Short, High Intensity Exercise Burns More Calories
By Elizabeth Quinn, About.com Guide
When it comes to calorie burning during exercise, research shows that short, high-intensity aerobic session
burn more calories than longer, lower-intensity aerobic workouts. According to the American College of Sports Medicine,
more calories are burned in short, high intensity exercise.
For example, a 154 pound person who runs at a pace of 8 mph will burn 320 calories in 20 minutes. That same
person, walking at 3 mph for an hour, will burn 235 calories.
Although shorter, high-intensity workouts burn the most calories, they aren’t always the best option. They are
not recommended for a novice exerciser because they can contribute to injuries in individuals who aren’t
prepared for the physical demands of this type of workout. They are also hard to maintain and should be used
sparingly. Even a highly fit athlete should vary his workout and have some long and slow days for endurance and
recovery. Finally, if you work at a high intensity, odds are you will fatigue sooner and be forced to stop after
about 20 minutes. If you go slow, you will likely to be able to continue exercising for several hours.
If you’re already exercising regularly and progressing in your exercise intensity, you may want to try shorter,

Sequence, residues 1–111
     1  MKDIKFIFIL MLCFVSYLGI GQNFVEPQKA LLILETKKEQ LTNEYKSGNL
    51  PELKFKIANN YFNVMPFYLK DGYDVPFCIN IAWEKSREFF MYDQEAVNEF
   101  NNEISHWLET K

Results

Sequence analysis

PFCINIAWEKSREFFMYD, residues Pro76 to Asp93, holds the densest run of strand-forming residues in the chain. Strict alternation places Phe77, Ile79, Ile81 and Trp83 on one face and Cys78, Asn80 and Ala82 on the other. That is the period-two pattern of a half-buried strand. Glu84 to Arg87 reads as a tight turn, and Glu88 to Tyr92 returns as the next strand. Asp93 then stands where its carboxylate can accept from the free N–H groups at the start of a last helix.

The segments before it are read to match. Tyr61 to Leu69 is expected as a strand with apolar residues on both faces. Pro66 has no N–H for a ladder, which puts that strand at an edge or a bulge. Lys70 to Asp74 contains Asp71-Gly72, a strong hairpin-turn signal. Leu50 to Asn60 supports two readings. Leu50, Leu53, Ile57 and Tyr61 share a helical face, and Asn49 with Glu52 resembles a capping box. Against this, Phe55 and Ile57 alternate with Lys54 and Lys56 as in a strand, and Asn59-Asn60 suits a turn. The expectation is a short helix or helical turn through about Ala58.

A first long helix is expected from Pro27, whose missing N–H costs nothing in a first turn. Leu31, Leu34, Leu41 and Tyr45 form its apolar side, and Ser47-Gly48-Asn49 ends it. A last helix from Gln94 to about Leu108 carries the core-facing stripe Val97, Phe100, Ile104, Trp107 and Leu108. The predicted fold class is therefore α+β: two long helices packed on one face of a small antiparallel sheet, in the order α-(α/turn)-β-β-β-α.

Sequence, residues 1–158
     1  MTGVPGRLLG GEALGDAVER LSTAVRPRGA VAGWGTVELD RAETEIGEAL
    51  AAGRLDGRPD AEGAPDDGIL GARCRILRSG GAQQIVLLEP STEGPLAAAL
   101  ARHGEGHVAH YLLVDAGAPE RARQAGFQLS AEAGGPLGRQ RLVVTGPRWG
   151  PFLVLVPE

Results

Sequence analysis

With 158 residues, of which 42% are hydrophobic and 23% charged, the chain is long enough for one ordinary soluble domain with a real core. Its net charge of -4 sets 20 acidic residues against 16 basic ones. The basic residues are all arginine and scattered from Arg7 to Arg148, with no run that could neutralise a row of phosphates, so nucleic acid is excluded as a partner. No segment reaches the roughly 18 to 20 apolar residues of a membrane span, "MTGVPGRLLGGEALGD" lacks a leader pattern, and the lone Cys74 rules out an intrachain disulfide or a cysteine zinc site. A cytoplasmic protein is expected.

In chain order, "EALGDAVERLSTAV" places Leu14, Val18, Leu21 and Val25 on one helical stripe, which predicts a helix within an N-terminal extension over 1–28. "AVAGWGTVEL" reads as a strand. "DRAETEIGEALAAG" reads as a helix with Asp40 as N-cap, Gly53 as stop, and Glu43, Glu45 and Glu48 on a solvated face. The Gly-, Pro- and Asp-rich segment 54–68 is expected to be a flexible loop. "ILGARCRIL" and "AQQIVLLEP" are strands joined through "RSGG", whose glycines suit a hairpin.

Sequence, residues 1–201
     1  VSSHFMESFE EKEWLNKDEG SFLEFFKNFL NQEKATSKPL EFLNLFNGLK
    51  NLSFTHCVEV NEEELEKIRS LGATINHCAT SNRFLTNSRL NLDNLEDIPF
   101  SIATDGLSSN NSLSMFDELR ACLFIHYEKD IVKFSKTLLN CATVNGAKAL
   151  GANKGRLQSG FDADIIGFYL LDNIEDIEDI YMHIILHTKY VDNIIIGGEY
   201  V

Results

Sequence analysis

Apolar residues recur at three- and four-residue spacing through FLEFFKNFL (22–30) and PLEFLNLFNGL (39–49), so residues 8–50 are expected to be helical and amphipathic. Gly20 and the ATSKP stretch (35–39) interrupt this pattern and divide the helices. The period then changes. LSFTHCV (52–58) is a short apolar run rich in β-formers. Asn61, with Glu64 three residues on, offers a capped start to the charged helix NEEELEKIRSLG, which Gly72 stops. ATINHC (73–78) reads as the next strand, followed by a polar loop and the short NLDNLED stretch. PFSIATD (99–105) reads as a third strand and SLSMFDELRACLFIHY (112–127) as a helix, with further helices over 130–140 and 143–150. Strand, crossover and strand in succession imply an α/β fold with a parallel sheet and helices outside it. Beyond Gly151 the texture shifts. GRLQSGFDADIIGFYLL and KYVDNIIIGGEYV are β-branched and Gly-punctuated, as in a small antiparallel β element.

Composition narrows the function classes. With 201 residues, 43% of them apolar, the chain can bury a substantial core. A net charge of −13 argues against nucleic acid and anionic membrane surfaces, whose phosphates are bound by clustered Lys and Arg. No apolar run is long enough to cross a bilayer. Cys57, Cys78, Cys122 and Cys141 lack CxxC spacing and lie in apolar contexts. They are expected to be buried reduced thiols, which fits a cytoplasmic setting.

more intense workouts to enhance your calorie burning. However, if you’re just starting an exercise program, a
slow and steady progression of longer and less intense exercise is probably a better option.
The sort of exercise you chose depends upon your ultimate goal. If you are training for mountaineering or
backpacking, you’d better plan some long, steady days of hiking. If you want to lose those newly acquired
holiday pounds, give the high intensity workout a try.
Keep in mind that if you have specific training goals you should adhere to the principles of conditioning and follow
an appropriate training program for your sport.
It is recommended that you see your doctor before starting an exercise program if you’re older than age 40 and
have never exercised, a smoker, overweight or have a chronic health condition.